Public vs. Private: Characteristics of the Companies Backed by Listed Private Equity

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1 Public vs. Private: Characteristics of the Companies Backed by Listed Private Equity M. Sinan Goktan California State University, East Bay Erdem Ucar University of South Florida Listed Private Equity (LPE) is growing as an alternative investment tool for those investors who would want exposure to private equity in their investment portfolios by purchasing public shares of LPEs that are invested in a group of private companies. We analyze the characteristics of the LPEs and the type of companies that LPEs tend to invest in. We show that the companies that LPE firms are investing in have different characteristics than the companies that receive funding from unlisted private equity firms. LPE firms tend to invest in these companies for a longer duration but there is no significant effect on the likelihood of taking these to public. INTRODUCTION Metrick and Yasuda (2010) report that private equity funds manage almost $ 1 trillion of capital around the world. This number underlines the importance of private equity funds in today s global financial markets. Within this vast market, listed private equity (LPE) has a small share but it has been growing rapidly in the last decade. As of January 2009 the total market capitalization of the global LPE market amounted to US$ 31 billion. This is a decline of around 70% from its peak of more US$ 100 billion in June By market capitalization, 19% of the base universe is listed in the UK and 50% listed in other European countries, making Europe the major listed private equity market (Bergmann, Christophers, Huss, Zimmermann, 2009). The common practice in the private equity industry has been investing through unlisted private equity (unquoted limited partnership funds, or LPs) in which large amount of capital that investors have to commit to LPs with long investment horizons and lock-up arrangements. The illiquidity aspect and the large sum of capital tied up in the unlisted private equity for a long investment horizon makes this investment type suitable for only large investors who are generally institutional investors (Cumming, Fleming, Johan, 2010). Listed private equity (LPE) firms are publicly traded firms that invest in private companies at various stages, mostly through buyouts. The typical private equity characteristics such as investment styles, financing styles and other important characteristics are common between the unlisted and listed private equity (Bergmann, Christophers, Huss, Zimmermann, 2009). The growing need for a larger pool of assets to be able to better diversify investments (Campbell, Lettau, Malkiel, Xu, 2001) force smaller investors to look for alternative asset classes such as private Journal of Accounting and Finance vol. 12(5)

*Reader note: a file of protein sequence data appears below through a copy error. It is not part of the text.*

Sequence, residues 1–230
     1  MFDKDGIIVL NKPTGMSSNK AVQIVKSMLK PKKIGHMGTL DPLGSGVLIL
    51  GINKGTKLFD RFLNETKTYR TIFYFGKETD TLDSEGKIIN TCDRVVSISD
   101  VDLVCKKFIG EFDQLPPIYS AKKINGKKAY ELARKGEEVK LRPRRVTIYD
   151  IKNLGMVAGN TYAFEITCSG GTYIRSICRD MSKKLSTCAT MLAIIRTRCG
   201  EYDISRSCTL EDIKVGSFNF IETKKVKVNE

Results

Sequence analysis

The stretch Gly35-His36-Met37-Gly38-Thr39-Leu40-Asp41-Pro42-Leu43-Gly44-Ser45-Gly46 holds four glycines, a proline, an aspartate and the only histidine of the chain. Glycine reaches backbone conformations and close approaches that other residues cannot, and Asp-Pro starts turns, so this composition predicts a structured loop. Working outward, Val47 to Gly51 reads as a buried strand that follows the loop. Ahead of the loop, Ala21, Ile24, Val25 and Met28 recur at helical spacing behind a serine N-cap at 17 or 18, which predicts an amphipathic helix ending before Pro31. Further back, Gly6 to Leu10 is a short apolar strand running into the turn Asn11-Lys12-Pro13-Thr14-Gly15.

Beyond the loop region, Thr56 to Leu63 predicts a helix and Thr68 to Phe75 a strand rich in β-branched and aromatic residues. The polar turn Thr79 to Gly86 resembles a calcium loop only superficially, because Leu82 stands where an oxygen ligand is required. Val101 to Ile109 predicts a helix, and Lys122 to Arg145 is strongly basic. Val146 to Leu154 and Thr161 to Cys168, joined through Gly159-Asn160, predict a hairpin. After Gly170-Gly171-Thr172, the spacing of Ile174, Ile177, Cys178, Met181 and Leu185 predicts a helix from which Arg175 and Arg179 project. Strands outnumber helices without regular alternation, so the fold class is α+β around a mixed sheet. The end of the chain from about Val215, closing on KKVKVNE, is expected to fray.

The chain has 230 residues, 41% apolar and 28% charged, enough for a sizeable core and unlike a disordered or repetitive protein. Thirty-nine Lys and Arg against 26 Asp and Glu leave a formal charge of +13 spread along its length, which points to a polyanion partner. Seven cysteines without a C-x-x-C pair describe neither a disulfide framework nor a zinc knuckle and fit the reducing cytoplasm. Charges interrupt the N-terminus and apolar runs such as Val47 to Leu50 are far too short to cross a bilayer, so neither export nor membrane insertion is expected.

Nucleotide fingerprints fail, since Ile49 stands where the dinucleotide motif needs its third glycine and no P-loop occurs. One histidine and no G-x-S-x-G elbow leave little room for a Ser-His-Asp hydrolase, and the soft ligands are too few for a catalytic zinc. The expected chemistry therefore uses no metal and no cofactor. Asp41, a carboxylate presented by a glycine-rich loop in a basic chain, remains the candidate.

2 equity. LPE fills in this gap by giving smaller investors the opportunity to invest in private equity by purchasing shares of LPEs that invest in private companies. For potential private equity investors, this means greater liquidity, accessibility, lower fees, a flexible investment policy, ease of monitoring and the opportunity to buy private companies at a discount without a large capital commitment (Brown, Kraeussl, 2010). They are able to receive most of the benefits of a publicly traded asset although it is an alternative investment in private equity. This paper analyzes the characteristics of LPE firms and the companies they invest in. Since this is a relatively new topic in the private equity field within the US, there has not been much research done on the investments that LPEs typically take on and we aim to fill this gap with this research. Our findings suggest that the LPE firms tend to be non-us firms that are older, that invest more capital into their portfolio companies and are more likely to be the lead investor. The companies they invest in are more likely to be non-us companies that are more likely to be buyouts, that are older, receive more capital, in which more firms are invested in and they receive more number of rounds. We also find evidence that LPEs tend to invest in their portfolio companies for a longer duration. However, the probability that the companies that LPE s invest make it to IPO is not significantly greater than those companies that unlisted private equity is invested in. LITERATURE REVIEW For investors, one of the greater challenges in investing in private companies is the lack of credible information. Private companies are highly opaque and there are high information gathering costs (Lerner and Schoar, 2004, Sahlman, 1990). Under these circumstances, financial intermediaries such as private equity firms usually step in and fill in this gap and invest in these companies in the form of buyouts, growth capital or venture capital. These firms provide capital as well as business and managerial expertise to these early-stage companies (Lerner, 1995) and at the same time provide credible information for investors and reduce information asymmetry between companies and investors (Amit, Brander and Zott, 1998). Through the monitoring and certification role these firms play, they increase the chances of the private companies successful exit through initial public offerings (IPOs) or acquisitions (Megginson and Weiss, 1991, Barry, Muscarella, Peavy and Vetsuypens, 1990). The second major problem in investing in private companies is the substantial, long term capital commitments that investors need to enter into. These are highly illiquid investments that are typically harvested in 8 to 10 years. As a result, institutional investor is typically the investor type that can afford to commit to such long term, illiquid assets and smaller investors usually cannot access this investment venue. Listed private equity (LPE) firms ease these two important obstacles that private companies face to access capital. Listed private equity (LPE) firms are publicly traded firms that invest in private companies at various stages, mostly through buyouts. This organizational form gives smaller investors the opportunity to invest in private equity by purchasing shares of LPEs that are invested in private companies. For potential small private equity investors, this means greater liquidity, accessibility and ease of monitoring and the opportunity to buy private companies at a discount without a large capital commitment (Brown, Kraeussl, 2010). Most unlisted private equity firms function as Limited Partnerships (LPs) whereas the organization of listed private equity investments can be categorized into three main categories as listed indirect private equity investment firms (funds of funds), listed direct private capital investment firms and listed private equity fund managers. Just like unlisted private equity firms, they invest in the form of buyouts, venture capital or growth capital. In our data 80% of the LPE investments are in the form of Buyouts. Bergmann, Christophers, Huss, and Zimmermann (2009) provide a detailed explanation of the organizational form and the function of these different LPE structures and conclude that features such as investment styles, financing styles and other important characteristics are shared between the unlisted and the listed private equity universe. 12 Journal of Accounting and Finance vol. 12(5) 2012